It’s early Sunday morning and, as expected, the sleeping in crowd has left the streets a bit thin of movement. Other than the coffee shop goers, open houses of worship and cyclists/runners, people are sparse wherever I roam.
I drive the rural areas of Los Angeles, needing to get out of my regular geography in lowering my daily stresses, and the sleepier the community, the lessor the population. The sun is low in the sky and the morning is breezy and cool. The lack of people enjoying this perfect start of a day hits me a little sad.
I cruise aimlessly, windows down, cool wind slapping me in the face. My mind open as I watch the world blur by. When, in passing of a second, in a small little park, I see a figure. He’s about one hundred yards to the North of my forty-mile an hour trajectory. I find myself rubber necking, eyes locked on him as a fly past the park. I slow rapidly and hit a rather aggressive U-turn. On my heavens! Am I a stalker?
But as I absorb the g-force of my extreme course change, all trepidation escapes me when a feeling of, “you are making the right choice,” enters my psyche.
I pull into the park and over the sound of welcoming dog barks, I introduce myself to Father, Husband, Human Resource Manager and Expert Downhill Mountain Bike Racer, Jim. He shares his wisdom.
“Don’t worry about the things that are going on now, or about getting old, we have to enjoy where we are. Think about the things that we worried about five years ago, they are no big deal now. They were at the time, but you can say now that they were not that big of a deal. It took me a long time to learn that lesson, and now I apply that to the way I react to things.
We have to learn to appreciate where we are, and to not stress about the little things in life.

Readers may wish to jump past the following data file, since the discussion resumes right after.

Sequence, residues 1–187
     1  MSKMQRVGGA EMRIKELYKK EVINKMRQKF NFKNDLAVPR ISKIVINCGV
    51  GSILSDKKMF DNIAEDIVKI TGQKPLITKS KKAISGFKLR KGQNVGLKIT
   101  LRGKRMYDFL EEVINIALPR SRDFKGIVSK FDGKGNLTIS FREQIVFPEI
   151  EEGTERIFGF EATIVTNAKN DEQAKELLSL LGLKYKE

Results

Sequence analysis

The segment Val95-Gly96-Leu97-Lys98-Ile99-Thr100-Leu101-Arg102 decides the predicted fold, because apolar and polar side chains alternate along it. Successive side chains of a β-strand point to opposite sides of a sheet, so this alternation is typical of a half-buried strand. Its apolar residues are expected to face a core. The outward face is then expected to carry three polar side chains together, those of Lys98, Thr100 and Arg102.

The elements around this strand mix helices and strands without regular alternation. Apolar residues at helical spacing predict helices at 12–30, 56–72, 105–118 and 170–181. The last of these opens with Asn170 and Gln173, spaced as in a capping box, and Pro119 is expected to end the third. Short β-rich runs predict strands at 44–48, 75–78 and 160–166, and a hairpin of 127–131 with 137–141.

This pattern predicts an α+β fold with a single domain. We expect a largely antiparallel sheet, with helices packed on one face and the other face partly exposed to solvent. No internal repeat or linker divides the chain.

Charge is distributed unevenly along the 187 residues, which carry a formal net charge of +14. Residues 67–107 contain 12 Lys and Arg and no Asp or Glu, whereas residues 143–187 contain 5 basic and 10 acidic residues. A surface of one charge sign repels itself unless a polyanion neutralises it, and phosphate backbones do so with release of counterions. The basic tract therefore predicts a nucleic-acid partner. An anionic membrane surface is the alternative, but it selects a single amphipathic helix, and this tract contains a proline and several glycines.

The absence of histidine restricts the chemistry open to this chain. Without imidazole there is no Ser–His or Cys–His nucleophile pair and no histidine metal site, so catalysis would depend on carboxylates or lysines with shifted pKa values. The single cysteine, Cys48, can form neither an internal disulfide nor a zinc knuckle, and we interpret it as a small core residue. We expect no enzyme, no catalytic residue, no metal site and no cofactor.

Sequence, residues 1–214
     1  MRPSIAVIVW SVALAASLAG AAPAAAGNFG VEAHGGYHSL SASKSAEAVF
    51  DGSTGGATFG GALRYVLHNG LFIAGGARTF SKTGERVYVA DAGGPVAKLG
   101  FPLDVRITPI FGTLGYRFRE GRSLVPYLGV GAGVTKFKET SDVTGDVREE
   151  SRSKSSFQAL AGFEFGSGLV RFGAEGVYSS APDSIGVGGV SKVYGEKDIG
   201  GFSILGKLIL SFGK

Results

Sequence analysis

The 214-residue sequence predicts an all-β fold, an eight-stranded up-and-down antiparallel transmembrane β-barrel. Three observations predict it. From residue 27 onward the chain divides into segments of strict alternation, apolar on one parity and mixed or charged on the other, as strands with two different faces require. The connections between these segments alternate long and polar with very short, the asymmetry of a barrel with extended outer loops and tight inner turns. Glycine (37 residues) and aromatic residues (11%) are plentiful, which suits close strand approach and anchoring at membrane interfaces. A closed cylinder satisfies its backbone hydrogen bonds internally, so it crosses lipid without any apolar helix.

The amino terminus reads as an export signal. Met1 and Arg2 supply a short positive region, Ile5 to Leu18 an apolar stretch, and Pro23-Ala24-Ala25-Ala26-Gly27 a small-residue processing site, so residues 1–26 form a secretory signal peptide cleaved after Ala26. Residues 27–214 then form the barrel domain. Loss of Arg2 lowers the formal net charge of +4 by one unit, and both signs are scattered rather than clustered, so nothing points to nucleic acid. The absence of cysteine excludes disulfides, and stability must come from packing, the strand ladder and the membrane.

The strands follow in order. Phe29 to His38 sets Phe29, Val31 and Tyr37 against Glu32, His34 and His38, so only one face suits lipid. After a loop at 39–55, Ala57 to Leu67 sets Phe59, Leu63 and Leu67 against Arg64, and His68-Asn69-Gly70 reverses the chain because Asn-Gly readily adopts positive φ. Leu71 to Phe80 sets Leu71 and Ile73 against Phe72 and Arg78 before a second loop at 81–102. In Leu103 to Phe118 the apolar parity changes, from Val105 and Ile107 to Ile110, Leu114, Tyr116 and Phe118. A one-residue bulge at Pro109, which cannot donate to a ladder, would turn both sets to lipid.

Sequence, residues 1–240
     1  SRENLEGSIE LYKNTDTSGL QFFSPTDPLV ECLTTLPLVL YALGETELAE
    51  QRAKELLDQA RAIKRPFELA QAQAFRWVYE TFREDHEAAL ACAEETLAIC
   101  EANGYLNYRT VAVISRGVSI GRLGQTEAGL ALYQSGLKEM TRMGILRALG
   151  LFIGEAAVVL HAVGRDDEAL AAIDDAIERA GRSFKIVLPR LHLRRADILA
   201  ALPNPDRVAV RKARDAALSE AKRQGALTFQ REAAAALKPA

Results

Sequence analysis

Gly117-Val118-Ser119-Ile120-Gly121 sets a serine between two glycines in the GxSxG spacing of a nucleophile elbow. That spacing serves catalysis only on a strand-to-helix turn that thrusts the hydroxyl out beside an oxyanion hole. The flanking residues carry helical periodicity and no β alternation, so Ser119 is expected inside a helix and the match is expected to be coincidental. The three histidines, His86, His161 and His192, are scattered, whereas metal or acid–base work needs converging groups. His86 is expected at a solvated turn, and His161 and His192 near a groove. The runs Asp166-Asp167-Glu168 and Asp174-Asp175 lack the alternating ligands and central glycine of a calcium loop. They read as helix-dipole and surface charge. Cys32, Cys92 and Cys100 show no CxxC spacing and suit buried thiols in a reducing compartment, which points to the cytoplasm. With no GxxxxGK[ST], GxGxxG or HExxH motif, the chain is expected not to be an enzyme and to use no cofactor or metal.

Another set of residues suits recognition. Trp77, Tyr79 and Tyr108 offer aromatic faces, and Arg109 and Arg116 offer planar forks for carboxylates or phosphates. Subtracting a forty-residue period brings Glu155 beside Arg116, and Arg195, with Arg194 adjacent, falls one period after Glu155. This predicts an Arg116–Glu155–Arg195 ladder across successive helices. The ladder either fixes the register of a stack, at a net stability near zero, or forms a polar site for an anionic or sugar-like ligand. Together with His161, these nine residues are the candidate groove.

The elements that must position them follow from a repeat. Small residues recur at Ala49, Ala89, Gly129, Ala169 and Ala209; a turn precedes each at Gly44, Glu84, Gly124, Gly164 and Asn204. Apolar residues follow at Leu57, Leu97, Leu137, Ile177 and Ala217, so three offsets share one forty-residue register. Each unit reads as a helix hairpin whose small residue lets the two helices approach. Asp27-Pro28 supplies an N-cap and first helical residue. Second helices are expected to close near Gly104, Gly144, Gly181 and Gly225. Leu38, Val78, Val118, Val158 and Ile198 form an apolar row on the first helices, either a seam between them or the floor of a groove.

About the future, I don’t know. But I see a time where people are getting more aware with the challenges of pollution, issues with the earth, things like that, and hopefully that will carry on.
It’s hard to say. It seems like in the last twenty years much has changed with technology and stuff. It will be amazing the see where we will be in one hundred years.
It’s going to change though. Think twenty year ago to now– cellphones, digital cameras and all the things we can’t live without. I don’t even know where to start with looking one hundred years ahead.
The question is, how much can change in one hundred years?
It’s not like we have the flying cars they said back in the sixties that we would have by the year two thousand. But, still it would be amazing to see where we will be with technology in one hundred years.
I have hope for my kids and their kids. We’ve learned a lot, and hopefully the economy will be better by then.
The advice I give my kids is to stay in school so they can rely on themselves to be professional in whatever field they choose. My daughter wants to be a doctor.”
To Jim, we appreciate you openness to chat with a stranger, and for your candor in the way you see the future. May many of us share with you in doing our part to create the beginnings of a better world to come, and know we dream as do you, that it will be amazing.